He’s after bigger fish. As with his play and movie Plenty, Hare’s concerns include the nervous spaces between people and (his favorite theme) the emotional paralysis of English people under the weight of too much civilization. Luckily for Hare, he seems to have a sense of how to make movies (this is his first directed feature), otherwise his tackling of these big issues and themes could have been clunky and awkward.

Even so, he has a tendency toward obviousness in some of his dialogue, as though the audience couldn’t catch what he was getting at otherwise.

But I list these cavils in order to better praise Wetherby, which strikes me as one of the most original films of the year. If everything in the film doesn’t go as smoothly as it might have, it’s nevertheless a scintillating experience.

Hare traces the events surrounding the suicide by going back and forth in time—from the arrival of the young stranger (Tim McInnerny), to the dinner party again, to the present, in which the schoolteacher (Vanessa Redgrave) in whose house he killed himself is trying to sort out the mystery. She is visited by a listless girl (Suzanna Hamilton) who knew the stranger at school, and by a police detective (Stuart Wilson) whose own life is not going so well.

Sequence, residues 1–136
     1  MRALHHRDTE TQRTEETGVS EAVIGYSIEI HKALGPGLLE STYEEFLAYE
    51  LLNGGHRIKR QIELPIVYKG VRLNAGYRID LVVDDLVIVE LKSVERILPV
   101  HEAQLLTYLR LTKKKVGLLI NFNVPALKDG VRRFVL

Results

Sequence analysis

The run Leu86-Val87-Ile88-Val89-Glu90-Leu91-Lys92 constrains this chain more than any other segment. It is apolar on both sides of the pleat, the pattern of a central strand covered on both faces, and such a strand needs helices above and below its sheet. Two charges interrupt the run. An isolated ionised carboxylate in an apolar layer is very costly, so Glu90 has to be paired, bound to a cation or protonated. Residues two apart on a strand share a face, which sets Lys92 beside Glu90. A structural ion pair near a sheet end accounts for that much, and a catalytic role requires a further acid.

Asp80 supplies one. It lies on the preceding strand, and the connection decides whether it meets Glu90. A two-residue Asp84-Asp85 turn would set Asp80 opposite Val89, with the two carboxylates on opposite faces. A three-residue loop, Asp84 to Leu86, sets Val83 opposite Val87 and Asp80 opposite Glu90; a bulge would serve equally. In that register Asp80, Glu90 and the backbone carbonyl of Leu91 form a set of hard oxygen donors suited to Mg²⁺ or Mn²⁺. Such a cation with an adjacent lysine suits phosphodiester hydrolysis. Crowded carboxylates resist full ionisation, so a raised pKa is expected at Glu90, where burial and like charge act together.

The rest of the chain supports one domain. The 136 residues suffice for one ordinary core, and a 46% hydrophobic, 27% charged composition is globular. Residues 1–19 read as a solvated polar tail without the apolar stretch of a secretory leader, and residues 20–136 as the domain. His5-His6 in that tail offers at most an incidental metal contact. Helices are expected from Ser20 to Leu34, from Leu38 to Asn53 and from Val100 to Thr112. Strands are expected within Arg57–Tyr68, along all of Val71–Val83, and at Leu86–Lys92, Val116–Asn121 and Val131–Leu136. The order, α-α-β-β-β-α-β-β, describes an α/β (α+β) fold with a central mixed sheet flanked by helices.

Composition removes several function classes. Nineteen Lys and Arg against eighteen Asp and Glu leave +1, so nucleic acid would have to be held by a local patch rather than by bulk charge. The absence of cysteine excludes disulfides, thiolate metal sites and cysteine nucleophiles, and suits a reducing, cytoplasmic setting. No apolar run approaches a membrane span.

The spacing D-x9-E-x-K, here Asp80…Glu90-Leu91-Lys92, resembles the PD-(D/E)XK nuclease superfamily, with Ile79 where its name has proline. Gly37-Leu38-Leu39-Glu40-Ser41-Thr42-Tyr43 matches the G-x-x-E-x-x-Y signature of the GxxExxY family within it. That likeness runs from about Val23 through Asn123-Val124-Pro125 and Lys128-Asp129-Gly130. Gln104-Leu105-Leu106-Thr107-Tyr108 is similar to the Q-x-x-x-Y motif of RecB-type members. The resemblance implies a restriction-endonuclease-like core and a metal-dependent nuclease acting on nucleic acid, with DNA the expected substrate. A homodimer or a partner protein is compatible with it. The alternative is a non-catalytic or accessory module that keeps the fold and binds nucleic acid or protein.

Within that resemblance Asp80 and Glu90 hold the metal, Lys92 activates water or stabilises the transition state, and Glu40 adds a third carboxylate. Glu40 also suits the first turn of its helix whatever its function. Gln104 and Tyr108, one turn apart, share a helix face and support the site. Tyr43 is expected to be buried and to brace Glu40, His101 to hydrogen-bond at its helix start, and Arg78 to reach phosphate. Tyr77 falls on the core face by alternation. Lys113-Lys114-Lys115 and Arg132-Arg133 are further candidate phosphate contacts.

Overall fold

There are also flashbacks to Redgrave’s 20-years-past love affair, which becomes more relevant as the film progresses (she is played in the flashbacks by Joely Richardson, the real-life daughter of Vanessa Redgrave). This failed romance has haunted the character ever since, and given her a common bond with the mysterious stranger: loneliness.

Hare draws all this with a delicate brush, and the film is as good to look at as it is to think about. Vanessa Redgrave is superb; she doesn’t hit a wrong note in the entire performance. Ian Holm, as usual, gives fine support, and Wilson is subtle in the unexpectedly touching role of the police officer.

The most disquieting performance is given by Tim McInnerny, in his first film role. His character, the suicide, is described as having “a blankness—a disfiguring blankness” that sums up his place in the world. McInnerny gives this character, through his acting abilities and through his unusual looks, a disturbing normalcy that sets the eerie tone for the rest of the movie.

First published in the Herald, October 22, 1985

An opening sequence that certainly puts its hooks into you. Hare keeps his hand in with movies, and directed that unsettling adaptation of The Designated Mourner.